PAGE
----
Diving into the melodic verses, Giveon begins to confront his own views of toxic masculinity. Though he may be lying to his friends about continuously seeing his ex, we theorize that he’s also partly lying to himself. He begs his ex, “Don’t tell my friends that I’m here.” He may say this to avoid being teased or chastised by his friends. It may also be sheer embarrassment of his emotions. He continues to sing, “I can’t say I love you no more, ‘cause my friends gon’ judge me for sure.” Going through a breakup is undoubtedly painful, and acknowledging that pain as a man may be even more agonizing. Giveon shouldn’t have to have the internal debate about being less than a man for his hurt before he finds a shoulder to cry on. On the other hand, he may not want those moments to escape into his real life. If people know about this rekindling, what will Giveon have to say? He might not be in love anymore but he isn’t ready to divulge that, nor is he required to do so. It is the pensive artistry shown throughout his EP that contradicts the toxic masculinity Giveon demonstrates in each conversation.

Focusing more on his lyrics instead of his conversations, listeners watch as Giveon holds onto his ex, not out of love, but out of pride and fear. “Still Your Best” explores this duo in depth. Giveon holds his ground as his territorial mindset changes with the foreground of the song. He proclaims to his ex, “your body knows me.” He doesn’t want to lose that feeling of being everything to someone. There’s comfortability in attachment. Conversely, his proclamation also introduces his pride in territorialism. The knowledge one has about someone they love is endless. To compete with that can seem foolish and time consuming. Those negative aspects give Giveon the confidence to say that he will remain her best because she might not invest in another man. To know her is to love her, and while Giveon may repeatedly say he doesn’t love her anymore, he still knows her better than any other man.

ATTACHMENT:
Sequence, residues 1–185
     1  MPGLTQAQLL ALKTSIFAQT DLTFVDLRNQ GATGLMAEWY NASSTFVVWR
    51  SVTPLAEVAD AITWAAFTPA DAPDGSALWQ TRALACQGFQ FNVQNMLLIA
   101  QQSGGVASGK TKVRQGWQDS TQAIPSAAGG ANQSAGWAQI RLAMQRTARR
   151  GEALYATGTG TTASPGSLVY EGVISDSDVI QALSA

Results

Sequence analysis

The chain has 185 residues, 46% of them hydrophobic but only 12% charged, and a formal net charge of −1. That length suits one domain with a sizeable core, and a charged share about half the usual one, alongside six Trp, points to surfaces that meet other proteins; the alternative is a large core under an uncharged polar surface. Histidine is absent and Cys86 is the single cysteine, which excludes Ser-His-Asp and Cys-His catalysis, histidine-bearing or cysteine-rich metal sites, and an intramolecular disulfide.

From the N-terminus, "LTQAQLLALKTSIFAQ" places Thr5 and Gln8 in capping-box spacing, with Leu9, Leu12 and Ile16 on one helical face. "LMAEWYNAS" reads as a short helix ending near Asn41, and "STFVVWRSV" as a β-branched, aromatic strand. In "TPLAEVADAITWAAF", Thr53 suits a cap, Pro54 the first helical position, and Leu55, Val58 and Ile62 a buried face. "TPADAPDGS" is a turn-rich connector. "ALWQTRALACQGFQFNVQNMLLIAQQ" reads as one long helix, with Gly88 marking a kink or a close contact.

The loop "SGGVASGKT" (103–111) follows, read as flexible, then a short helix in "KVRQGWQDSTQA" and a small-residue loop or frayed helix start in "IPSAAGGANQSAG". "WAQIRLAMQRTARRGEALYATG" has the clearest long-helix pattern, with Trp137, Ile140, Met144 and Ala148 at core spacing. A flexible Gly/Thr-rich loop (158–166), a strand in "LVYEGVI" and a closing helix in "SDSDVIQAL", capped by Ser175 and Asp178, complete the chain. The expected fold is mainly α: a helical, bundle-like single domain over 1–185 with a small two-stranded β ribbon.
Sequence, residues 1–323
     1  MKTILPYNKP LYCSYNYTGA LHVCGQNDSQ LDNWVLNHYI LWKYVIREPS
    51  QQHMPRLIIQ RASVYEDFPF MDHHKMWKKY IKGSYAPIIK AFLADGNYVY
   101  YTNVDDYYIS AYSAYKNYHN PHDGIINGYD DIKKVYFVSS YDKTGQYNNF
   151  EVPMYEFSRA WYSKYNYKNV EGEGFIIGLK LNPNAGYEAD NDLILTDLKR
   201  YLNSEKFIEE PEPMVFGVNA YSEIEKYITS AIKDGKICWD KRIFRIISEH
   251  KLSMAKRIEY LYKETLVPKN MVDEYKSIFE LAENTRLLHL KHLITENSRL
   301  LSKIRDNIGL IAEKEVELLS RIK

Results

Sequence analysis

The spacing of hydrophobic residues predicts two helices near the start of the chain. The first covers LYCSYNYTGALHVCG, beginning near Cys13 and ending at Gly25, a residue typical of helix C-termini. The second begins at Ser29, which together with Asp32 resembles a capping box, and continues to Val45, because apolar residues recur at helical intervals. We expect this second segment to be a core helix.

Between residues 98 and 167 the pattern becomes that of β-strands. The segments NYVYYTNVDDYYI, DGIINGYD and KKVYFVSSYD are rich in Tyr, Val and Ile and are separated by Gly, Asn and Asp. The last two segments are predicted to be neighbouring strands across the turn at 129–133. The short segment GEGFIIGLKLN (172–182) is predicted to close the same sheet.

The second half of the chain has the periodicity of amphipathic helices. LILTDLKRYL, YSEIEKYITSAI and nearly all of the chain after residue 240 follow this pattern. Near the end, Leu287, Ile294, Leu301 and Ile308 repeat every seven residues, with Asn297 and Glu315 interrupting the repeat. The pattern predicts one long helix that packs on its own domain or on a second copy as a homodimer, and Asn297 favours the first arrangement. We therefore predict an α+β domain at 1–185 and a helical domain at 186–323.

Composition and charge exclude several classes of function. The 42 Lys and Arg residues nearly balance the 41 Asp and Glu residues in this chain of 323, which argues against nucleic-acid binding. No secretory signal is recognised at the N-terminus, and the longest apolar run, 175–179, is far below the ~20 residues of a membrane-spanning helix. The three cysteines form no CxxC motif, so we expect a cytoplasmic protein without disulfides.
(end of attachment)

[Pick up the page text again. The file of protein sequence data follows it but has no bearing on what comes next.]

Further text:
In the end we learn that Giveon might not have been the one to end things, which he explores in “Stuck on You.” He sings, “you’re my baby even when you leave me.” The track as a whole wanders through Giveon’s insecurities in his relationship. Though he seems pridefully attached, it may be a continuation of his cold facade that he keeps on for the boys. Just as Giveon is forced to sit back and reflect on his decisions and words, so are his listeners.

The complexity of this album leaves listeners with so much to digest. For this, we rate the EP a 10/10 on the Intersect 1-10 rating scale.

Earning an overall 10/10 on the Intersect 1-10 rating scale, we can and will listen to this album on loop. But don't take our word for it. Check out Giveon and When It's All Said And Done below.


When It's All Said And Done, Still Your Best, Last Time (feat. Snoh Aalegra), Stuck On You


Still Your Best, Stuck on You


Stuck on You


bottom of page